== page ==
At Tuesday night’s Randwick Council meeting (24th July) Councillors were asked to support the following recommendation (as contained in this report on the Botany Cemetery Trust proposal to takeover 60%+ of the Market Gardens):
a) Council resolve that the proposal proceed to Gateway for determination under section 56 of the EP & A Act, subject to the Applicant preparing an amended planning proposal which addresses outstanding heritage and other issues identified in this report, and resubmit those documents to Council and the Department for consideration prior to exhibition of the revised planning proposal.
b) Council’s correspondence to the Gateway should clearly articulate the matters to be addressed through further investigations as identified in this report.
c) Council acknowledge the advice of the NSW Heritage Council and seek to work collaboratively with the Heritage Council and the Applicant in the development of the Conservation Management Plan.
There were 14 Councillors present:
Councillors Belleli, Seng, White, Bowen, Tracey, Matson, Hughes and Woodsmith voted for Option 4 which rejected the Cemetery proposal outright and supported the RU4 re-zoning determined at Council meeting of 22/5/2012.
Councillors Nash, Smith, Procopiadis, Matthews, Andrews and Stevenson voted against Option 4 indicating they would vote for the recommended option (as above) – Option 2 – if it were put. This was the option that Cemetery supporters were urging Councillors to accept and it would have given a clear message that Council accepted in principle the proposal and that there was ‘just a bit of work’ needed to finalise it. The local community are experienced with developments presented like this, eg Prince Henry,Little Bay Cove,Orica Southlands. They have already had 4 years of consultation on the Market Gardens starting with the Lands Assessment of 2008 which recommended against cemetery uses. This report was ‘revised in 2010. Read a comparison of the two reports and wonder at the motivation behind the ‘change of heart’ in Crown Lands. Note that the Minister at the time (for both Lands and Planning) was Tony Kelly who has since appeared before ICAC and subsequently been expelled from the Labour Party.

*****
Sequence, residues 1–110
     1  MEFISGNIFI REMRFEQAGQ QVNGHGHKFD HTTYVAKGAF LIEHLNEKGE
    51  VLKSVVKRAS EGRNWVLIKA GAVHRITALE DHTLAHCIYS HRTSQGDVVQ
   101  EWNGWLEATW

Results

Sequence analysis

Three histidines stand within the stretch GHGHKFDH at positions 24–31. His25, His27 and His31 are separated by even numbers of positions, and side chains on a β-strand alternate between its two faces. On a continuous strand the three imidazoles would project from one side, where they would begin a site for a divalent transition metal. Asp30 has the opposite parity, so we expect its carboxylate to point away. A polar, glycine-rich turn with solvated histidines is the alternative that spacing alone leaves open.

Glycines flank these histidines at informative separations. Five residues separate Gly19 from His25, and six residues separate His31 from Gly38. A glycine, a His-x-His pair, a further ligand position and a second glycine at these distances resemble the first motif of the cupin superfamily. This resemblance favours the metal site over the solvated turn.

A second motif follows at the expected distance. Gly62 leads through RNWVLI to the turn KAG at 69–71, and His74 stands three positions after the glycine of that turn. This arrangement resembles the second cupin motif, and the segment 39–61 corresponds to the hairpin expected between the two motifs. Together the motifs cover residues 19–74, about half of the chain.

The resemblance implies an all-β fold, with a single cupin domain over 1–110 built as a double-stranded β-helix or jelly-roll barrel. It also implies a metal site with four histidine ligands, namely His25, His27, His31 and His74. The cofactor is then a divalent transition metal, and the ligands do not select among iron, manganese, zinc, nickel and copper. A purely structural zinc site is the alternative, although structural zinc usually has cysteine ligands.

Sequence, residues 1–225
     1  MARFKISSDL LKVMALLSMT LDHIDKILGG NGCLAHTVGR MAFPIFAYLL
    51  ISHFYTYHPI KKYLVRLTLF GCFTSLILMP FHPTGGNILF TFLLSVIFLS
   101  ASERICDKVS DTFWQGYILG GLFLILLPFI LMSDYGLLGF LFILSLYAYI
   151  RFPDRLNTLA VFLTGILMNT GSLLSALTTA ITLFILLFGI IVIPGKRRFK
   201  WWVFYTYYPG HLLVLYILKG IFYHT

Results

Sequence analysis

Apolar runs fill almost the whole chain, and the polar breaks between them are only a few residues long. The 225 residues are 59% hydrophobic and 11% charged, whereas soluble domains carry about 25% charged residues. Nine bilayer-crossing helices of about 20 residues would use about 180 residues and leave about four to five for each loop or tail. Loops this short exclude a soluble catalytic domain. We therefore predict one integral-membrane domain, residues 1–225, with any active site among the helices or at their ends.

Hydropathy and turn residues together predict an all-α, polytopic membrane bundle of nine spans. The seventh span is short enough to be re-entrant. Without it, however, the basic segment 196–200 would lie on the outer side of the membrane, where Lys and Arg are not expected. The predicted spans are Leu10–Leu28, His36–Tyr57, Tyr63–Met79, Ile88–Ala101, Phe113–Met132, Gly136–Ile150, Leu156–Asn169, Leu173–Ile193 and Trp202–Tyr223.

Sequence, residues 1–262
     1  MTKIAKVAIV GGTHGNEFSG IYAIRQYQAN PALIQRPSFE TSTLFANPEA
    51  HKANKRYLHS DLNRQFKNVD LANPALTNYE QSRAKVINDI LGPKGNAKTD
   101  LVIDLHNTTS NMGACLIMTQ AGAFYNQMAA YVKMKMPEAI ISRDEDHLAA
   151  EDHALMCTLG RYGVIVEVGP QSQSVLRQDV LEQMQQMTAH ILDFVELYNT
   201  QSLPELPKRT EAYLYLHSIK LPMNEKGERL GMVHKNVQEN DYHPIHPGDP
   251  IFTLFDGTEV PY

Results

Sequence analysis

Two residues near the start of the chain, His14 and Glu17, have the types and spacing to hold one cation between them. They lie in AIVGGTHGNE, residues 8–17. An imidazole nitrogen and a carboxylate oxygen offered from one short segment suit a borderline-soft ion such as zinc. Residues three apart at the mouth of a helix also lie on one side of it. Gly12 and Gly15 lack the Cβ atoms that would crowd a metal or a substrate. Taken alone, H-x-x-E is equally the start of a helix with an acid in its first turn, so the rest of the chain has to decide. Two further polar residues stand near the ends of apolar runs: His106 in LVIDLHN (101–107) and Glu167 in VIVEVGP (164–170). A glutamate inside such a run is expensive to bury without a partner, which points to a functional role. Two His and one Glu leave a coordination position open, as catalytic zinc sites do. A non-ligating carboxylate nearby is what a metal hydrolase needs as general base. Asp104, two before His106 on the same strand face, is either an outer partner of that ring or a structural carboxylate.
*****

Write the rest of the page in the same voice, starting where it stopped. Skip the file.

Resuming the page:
Independent Planning Consultant (for Randwick Council’s LEP)
Ms Tina Spiegel was appointed by Council to run the public hearing, given her combined expertise as a lawyer, town planner and mediator specialising in development, town planning and environmental law. Ms Spiegel confirmed that she had no conflict of interest in matters concerning Council in general and in particular matters relevant to the draft LEP. This is what she recommended on the Market Gardens: “ Although there was a convincing and valuable representation by some speakers that the land should be used as a cemetery, the valuable contribution of urban agricultural lands should not be underestimated. The use of part of the land for cemetery purposes may only be a very short term solution for the problem of where to bury the dead.Under these circumstances it is considered that the proposed rezoning of the land to RU4 may be supported because it is a long term sustainable solution.”
In the Randwick City Council eNews released on 25 July the report on the vote read:
“Council last night voted to reject a planning proposal to expand the Eastern Suburbs Memorial Park into the neighbouring Chinese Market Gardens site on Bunnerong Road, Phillip Bay. The proposal sought to rezone 60 per cent of the Chinese Market Gardens site for cemetery use.The land has a long history of use as a market garden, and is listed as a state significant heritage item, as well as a local heritage item in Council’s planning controls. It was also listed by the National Trust on their national heritage register this year.”
The Mayor’s (Scott Nash) Media Release also of 25 July includes the statement:
Randwick Mayor said: “I’m disappointed with the decision, because I think there’s merit in an expansion of the cemetery. People of the Islamic, Jewish and Orthodox Christian faiths do not allow cremation. We have to respect that. Sydney’s running out of burial space and so a proposed expansion of the cemetery needs to be considered.”
The media release also included:
“The ESMP planning proposal, lodged with Council and assessed by an independent expert planner, proposed co-existing with the market gardens as well as providing publicly accessible pathways near Yarra Creek and creating stormwater basins and ecological habitats within the market gardens land.”
Extensive modifications are required to accommodate graves on this floodplain site. The assessor noted that possibly 70% of the current gardens would be alienated making it impossible for both farming families to continue. Given the work involved -and local community do have experience of major works along Bunnerong over the past 3 years – it is unlikely that either farming family could continue. Perhaps the The Trust’s idea of co-existence is to reduce the Market Gardens to a series of interpretative panels and claim this as ‘heritage’.
In the Southern Courier report written after the Council meeting, journalist Leesa Smith wrote that “Residents will not get the chance to have their say on the Eastern Suburbs Memorial Park’s expansion after Randwick Council rejected the proposal at tonight’s council meeting.”
As comment writers noted (below the article), the local community has been ‘consulted to death’ on this subject. The Botany Cemetery Trust and their masters in Crown Lands have a problem accepting NO – a sentiment expressed many time by community and their representatives over the past 4 years.
The Cemetery Trust does not need to go to the State Government. It could be a good neighbour and look elsewhere for suitable sites as well as lobby, with Council and community support, for legislation that realistically addresses the future need for burial space.